'Ever had one of those mornings when you wish you hadn’t got out of bed?’ asked the truck driver. The witty reply would have been ‘I’m having one now’, but I was still a bit pumped up and concentrating on getting the details of the accident down on the back of an envelope.
I still couldn’t quite believe what had just happened. On my side of the road, on double yellows, there had been a Transit off-loading stuff to a building site, blocking the entrance. Just beyond it, waiting to get access, was a large tipper lorry, parked in the centre lane. I’d seen traffic a few hundred yards in front of me pull out to pass the Transit and tuck back in ahead of the lorry.
I went to do the same and thought the gap was a bit tight, so I stopped alongside the Transit with the cab of the DAF truck looming just in front. It was then that I noticed the truck was rolling ever so slowly towards me. I hit the horn thinking the truckie wasn’t paying attention. Then I looked up into the cab and noticed there was no driver…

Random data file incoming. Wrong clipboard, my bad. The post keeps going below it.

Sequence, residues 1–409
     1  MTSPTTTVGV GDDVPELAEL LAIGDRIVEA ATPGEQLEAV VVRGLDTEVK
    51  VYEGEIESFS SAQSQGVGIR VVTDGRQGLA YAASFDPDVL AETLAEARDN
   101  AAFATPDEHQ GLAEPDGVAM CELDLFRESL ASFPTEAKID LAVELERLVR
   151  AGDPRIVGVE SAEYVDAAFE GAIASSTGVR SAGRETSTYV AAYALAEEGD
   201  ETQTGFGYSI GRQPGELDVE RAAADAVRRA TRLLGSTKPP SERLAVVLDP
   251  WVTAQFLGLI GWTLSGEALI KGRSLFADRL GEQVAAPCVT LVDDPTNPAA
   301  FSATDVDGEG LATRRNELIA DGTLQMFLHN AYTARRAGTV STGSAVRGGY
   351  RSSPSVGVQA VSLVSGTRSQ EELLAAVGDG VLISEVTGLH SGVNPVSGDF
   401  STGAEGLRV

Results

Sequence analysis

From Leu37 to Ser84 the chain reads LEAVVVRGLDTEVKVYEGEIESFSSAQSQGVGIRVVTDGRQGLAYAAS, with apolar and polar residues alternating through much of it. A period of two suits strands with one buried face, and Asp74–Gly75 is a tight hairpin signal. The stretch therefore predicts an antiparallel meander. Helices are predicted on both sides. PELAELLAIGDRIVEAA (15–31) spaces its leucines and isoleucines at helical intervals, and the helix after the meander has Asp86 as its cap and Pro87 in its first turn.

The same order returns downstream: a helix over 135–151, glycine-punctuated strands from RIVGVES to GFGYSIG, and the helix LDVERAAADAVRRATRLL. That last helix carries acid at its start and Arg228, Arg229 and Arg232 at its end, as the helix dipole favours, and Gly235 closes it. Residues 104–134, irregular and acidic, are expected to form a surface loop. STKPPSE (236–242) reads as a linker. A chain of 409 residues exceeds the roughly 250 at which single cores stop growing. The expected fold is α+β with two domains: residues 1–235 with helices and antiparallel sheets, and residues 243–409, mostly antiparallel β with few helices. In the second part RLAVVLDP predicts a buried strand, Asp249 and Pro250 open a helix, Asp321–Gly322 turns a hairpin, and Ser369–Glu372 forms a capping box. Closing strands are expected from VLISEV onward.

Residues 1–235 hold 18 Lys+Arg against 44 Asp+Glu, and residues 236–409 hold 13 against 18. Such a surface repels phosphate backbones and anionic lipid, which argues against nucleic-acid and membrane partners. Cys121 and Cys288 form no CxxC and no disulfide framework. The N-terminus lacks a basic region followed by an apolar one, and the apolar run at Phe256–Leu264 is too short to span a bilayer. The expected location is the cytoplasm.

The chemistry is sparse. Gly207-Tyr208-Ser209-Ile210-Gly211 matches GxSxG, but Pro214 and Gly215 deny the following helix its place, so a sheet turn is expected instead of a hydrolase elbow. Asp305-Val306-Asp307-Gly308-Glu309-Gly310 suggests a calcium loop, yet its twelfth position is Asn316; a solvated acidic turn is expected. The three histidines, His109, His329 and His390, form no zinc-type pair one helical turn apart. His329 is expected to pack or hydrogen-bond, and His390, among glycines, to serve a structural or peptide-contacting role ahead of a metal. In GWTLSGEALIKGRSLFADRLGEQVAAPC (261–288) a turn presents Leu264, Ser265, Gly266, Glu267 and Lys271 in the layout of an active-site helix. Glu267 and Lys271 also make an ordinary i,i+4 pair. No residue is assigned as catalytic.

I hurriedly snicked the RS4 into reverse and backed up a bit, which got the van behind me tooting his horn. I was trapped, and the truck was still advancing, gradually filling the windscreen. More blasts on the horn and suddenly a figure ran from the pavement, flung the truck door open and clambered up. Too late. I had my foot hard on the brake as the bumper of the DAF crunched slowly, gently even, into the front of the Audi.
As I swapped details with the truckie, he claimed he’d pulled on the air brake but admitted that it couldn’t have engaged fully, hence its slow creep along the near-level road.
Stopping it with the bonnet and bumper of the RS4 will cost a tidy sum, I reckon, even though the damage is less than I expected. I’m just glad nobody was crossing the road.